Impacts of the Azinphos-methyl Ban in the Apple Industry and Economy of Washington State

Impacts of the Azinphos-methyl Ban in the Apple Industry and Economy of Washington State

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Andrew J. Cassey , School of Economic Sciences, Washington State University, Suzette P. Galinato , School of Economic Sciences, Washington State University, Justin Taylor , School of Economic Sciences, Washington State University
In 2006, the U.S. Environmental Protection Agency (EPA) declared that the pesticide azinphos-methyl (AZM) cannot be used in apple production after September 30, 2012. While it provides important pest control benefits to growers of apples and other crops, AZM also poses potential risks to farm workers, pesticide applicators, and aquatic ecosystems, according to the EPA website. In this fact sheet, we estimate the change to sales, price, and employment in the Washington State apple industry from using likely AZM alternatives had this ban been in effect in 2007, the first year of the pesticide’s phase-out schedule. Furthermore, we estimate the ban’s effects as it ripples throughout the overall Washington State economy. We conclude that the ban will modestly change sales (–0.8%), prices (0.2%), and employment (0.1%) in the apple industry, with negligible impacts on the overall Washington State economy.
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The EPA has mandated the nationwide elimination of the pesticide AZM, or Guthion®, by September 30, 2012 (Federal Register 2009; EPA 2009). Belonging to the organophosphate (OP) class of pesticides, AZM has been the pesticide most used by Washington State apple growers since the late 1960s (Brunner et al. 2007). As of 2008, 80% of Washington apple growers used AZM (Washington State University Tree Fruit Research and Extension Center 2010) primarily to control codling moth, the leading pest in Western apple orchards.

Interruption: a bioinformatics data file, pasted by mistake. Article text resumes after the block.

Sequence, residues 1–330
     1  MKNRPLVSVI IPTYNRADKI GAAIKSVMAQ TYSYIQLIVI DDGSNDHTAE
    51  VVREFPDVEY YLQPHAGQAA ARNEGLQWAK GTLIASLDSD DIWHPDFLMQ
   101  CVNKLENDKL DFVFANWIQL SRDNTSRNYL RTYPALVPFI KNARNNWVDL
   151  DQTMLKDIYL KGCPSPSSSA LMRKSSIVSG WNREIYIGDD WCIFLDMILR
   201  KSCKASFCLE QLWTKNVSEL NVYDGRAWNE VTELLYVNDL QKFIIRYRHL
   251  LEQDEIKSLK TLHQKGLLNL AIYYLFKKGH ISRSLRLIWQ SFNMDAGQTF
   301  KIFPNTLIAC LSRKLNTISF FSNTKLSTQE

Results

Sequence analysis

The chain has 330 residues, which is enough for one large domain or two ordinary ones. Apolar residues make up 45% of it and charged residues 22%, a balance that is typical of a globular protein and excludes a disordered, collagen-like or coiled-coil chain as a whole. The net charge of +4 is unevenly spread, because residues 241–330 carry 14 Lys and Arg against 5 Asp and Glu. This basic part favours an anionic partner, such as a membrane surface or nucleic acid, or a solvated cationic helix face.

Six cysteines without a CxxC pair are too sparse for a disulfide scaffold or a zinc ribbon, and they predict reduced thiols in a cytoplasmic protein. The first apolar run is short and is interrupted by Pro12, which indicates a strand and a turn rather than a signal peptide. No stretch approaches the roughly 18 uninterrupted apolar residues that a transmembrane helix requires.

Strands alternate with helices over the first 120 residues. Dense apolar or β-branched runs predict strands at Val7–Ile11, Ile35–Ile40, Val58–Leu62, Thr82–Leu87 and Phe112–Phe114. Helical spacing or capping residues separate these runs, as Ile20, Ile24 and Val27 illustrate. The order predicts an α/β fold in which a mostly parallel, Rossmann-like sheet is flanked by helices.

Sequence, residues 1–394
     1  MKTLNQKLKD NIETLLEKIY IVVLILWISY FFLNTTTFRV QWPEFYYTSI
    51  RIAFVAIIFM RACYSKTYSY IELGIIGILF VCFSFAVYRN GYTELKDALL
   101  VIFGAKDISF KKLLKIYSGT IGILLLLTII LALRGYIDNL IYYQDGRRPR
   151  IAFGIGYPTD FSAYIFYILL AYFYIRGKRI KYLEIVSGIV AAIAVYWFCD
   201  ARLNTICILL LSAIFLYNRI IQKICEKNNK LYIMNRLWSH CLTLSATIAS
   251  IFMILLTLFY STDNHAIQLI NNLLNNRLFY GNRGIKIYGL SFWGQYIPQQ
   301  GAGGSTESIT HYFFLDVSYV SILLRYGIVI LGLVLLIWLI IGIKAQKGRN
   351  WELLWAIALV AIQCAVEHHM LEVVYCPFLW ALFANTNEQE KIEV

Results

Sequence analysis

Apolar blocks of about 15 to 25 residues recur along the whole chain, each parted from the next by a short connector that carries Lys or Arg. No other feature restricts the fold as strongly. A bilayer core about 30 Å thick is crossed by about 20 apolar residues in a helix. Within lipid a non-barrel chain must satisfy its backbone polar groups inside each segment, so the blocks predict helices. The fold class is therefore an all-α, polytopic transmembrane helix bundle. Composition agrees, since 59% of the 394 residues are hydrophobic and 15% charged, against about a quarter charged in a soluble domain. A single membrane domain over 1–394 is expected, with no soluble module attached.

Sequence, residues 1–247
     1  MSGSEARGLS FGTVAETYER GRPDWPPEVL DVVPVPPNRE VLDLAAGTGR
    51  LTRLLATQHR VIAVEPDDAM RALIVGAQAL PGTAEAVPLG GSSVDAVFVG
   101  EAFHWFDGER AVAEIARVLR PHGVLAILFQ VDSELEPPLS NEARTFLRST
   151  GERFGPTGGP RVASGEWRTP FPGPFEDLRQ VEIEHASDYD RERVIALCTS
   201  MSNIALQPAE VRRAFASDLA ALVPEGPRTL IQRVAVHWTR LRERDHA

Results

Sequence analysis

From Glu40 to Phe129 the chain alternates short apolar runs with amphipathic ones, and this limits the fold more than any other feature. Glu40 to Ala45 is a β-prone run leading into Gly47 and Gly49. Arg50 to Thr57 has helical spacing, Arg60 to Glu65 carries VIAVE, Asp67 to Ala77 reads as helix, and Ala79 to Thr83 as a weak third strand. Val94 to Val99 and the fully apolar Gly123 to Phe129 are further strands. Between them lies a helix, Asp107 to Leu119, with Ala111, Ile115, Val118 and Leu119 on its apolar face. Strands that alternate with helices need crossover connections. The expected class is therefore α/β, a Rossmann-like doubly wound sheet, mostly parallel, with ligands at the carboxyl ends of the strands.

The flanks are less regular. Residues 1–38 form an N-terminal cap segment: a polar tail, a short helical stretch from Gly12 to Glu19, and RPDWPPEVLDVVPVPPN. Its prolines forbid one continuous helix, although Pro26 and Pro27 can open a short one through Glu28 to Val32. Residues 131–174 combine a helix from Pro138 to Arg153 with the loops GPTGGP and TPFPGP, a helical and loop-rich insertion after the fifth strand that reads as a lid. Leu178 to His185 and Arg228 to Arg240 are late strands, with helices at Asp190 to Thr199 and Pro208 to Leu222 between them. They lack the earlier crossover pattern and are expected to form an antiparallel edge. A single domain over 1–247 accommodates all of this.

The EPA’s mandate resulted from concerns about the  risks of OPs to the health of farm workers and the quality of local water and aquatic ecosystems. Details about AZM toxicity and other supporting data that guided the agency’s decision are provided in the EPA’s Ecological Risk Assessment (EPA Office of Pollution Prevention and Toxics 2005) and Organophosphorus Cumulative Risk Assessment (EPA Office of Pesticide Programs 2006).

Most growers are expected to shift to an AZM-alternative- based integrated pest management (IPM) strategy rather than relying solely on nonchemical methods or quitting production entirely (Brunner 2009). Though an AZM- alternative-based IPM program is more worker and environmentally friendly, it requires different timing and more precise spray applications than programs based on AZM. Furthermore, AZM-alternative pesticides must be applied an additional time to maintain yield and quality, since the alternatives do not last as long on crops (Brunner 2009). Therefore, codling moth control costs more per acre with an AZM-alternative-based program than with the AZM-based program because the unit price and quantity are higher.